Furthermore, for Aristotle’s part, he argued that forms actualize the matter of individual substances (as we saw above). But Aquinas points out that the same principle can be applied to essences themselves—that is, the potential of any form is actualized by its participation in the act of existence, and the more a form participates in existence, the more real is the being who has that form. In other words, there are degrees of being depending on the degree to which the essence of a thing participates in the act of existence. In this way, Aquinas combines Plato and Aristotle to draw a distinction between the essence and existence of things. Moreover, with this distinction in hand, Aquinas demonstrates why a being whose essence is existence, or God, must exist. Though his metaphysics can be quite abstract, the gist of it is as follows. If essence and existence are distinct in everything we experience, if all things in the world receive their existence from something other than what they are (their essence or form), then there must be a being whose essence simply is existence on which all things depend. For without such a being imparting existence to the things in the world around us, things would not exist. But, because we do indeed experience things, we know that they do in fact exist. Ergo, a being whose essence is existence must exist, and this we call “God.”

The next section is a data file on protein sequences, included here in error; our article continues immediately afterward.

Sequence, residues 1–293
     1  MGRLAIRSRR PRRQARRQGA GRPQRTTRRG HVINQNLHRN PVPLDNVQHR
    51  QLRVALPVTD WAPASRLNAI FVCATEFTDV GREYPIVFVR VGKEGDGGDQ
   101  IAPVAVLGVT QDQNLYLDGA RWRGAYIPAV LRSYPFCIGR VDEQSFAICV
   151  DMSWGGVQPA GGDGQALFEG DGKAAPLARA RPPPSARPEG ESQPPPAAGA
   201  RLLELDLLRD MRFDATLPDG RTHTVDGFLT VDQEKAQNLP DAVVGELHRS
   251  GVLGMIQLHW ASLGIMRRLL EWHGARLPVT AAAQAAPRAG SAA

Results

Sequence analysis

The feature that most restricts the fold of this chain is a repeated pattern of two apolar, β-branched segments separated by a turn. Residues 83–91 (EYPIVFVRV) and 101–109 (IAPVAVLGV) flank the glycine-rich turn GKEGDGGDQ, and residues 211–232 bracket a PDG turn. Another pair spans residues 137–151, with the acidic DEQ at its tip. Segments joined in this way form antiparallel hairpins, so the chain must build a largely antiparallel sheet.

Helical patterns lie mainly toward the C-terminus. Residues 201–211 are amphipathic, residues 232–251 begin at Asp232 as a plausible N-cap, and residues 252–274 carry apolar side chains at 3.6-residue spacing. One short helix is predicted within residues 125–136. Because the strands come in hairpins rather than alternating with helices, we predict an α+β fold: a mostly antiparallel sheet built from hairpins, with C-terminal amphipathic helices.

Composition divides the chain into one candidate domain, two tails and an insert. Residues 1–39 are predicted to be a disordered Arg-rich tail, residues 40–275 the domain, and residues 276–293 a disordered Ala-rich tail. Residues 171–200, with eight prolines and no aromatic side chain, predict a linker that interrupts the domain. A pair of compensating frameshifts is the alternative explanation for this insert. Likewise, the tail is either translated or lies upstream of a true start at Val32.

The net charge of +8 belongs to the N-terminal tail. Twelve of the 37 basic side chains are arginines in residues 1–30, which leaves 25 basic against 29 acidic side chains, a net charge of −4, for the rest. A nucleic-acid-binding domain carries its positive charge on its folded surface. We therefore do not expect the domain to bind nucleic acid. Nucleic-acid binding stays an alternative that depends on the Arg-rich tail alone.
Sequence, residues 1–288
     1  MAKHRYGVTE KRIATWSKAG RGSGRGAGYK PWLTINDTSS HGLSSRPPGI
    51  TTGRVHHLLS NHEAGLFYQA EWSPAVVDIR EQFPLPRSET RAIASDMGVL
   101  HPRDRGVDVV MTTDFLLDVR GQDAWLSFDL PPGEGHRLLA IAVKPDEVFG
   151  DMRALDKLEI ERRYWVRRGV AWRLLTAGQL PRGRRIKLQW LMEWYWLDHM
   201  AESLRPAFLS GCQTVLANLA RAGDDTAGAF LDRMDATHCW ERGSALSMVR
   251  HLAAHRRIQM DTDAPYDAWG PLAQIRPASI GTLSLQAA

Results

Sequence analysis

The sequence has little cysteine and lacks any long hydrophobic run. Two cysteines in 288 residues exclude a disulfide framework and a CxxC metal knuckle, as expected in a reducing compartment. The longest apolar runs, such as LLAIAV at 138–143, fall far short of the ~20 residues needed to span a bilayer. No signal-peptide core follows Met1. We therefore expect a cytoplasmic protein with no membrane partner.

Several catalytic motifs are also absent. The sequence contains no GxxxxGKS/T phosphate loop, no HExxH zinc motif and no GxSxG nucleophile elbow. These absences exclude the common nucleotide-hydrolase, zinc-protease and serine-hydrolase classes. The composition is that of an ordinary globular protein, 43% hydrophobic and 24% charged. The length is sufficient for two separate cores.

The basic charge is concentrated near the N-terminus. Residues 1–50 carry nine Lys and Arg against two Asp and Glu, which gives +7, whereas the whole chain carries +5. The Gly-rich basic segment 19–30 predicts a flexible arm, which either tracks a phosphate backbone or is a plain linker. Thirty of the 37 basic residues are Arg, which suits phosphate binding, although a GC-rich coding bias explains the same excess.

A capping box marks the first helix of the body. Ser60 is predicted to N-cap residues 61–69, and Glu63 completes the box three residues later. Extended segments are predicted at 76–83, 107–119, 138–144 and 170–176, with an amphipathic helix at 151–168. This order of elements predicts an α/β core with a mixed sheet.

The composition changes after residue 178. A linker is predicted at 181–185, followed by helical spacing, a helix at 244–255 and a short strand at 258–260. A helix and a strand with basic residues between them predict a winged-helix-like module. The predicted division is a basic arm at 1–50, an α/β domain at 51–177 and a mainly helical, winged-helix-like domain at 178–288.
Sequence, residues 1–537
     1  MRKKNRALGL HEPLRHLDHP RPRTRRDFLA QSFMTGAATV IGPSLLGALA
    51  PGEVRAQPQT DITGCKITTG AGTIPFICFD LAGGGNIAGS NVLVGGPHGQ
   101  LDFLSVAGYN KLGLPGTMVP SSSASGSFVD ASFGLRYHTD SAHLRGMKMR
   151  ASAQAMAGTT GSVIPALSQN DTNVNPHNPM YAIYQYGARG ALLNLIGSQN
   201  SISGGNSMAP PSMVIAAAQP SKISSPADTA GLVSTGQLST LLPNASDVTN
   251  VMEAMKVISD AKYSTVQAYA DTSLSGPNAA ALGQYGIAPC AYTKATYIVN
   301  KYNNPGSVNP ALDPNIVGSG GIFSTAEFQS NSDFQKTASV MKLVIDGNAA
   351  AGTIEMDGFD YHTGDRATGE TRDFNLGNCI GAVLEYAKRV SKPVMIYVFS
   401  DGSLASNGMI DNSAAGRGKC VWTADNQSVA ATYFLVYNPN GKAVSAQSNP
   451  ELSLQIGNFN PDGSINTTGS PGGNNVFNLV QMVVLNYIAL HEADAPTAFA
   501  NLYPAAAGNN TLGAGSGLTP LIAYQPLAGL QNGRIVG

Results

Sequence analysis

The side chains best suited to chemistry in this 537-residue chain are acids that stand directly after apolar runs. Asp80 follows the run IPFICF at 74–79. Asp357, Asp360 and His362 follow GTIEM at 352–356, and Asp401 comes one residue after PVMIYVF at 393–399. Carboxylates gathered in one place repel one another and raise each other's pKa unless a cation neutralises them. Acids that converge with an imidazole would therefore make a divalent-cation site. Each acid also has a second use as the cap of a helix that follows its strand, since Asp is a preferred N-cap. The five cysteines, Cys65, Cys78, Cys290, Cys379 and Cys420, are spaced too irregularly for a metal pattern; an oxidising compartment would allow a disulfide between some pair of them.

Jacobs proceeds to walk the reader through these deep metaphysical caverns because, as he explains, metaphysics is fundamental to everything else. In fact, whether one realizes it or not, one’s metaphysics ends up shaping one’s views of everything—from anthropology (or view of the human person) to ethics.

For example, the nature or essence of a human being is classically understood as a “rational animal.” However, if one denies that forms or essences are objectively real, then there is no such thing as human nature (as the terms “rational” and “animal” have no ultimate meaning); and if there is no such thing as human nature, then there is no such thing as human rights; and if there is no such thing as human rights, then who has what rights can be decided by any given society. This is precisely what has happened over time, which has led to some bizarre consequences. For instance, Jacobs explains that “in recent years, Belgium has extended human rights to chimpanzees and Bolivia has granted human rights to forests. Once we ignore how natures ground reality, we are liable to invent the most groundless fantasies.”

No less importantly, Jacobs covers other terrain that follows from metaphysics, like epistemology (or how we know reality), morality, the nature of evil, political philosophy, as well as philosophy of mind and free will. Although the beginner may find some sections more challenging than others, at the very least he or she will walk away from the book with a stronger appreciation of both the depth and reach of perennial philosophy in the Catholic tradition. For that, it is a highly recommended read.

David Weinberger

David Weinberger is a freelance writer and book reviewer on topics related to philosophy, culture, history, and economics. Follow him on Twitter @DWeinberger03. Email him at [email protected].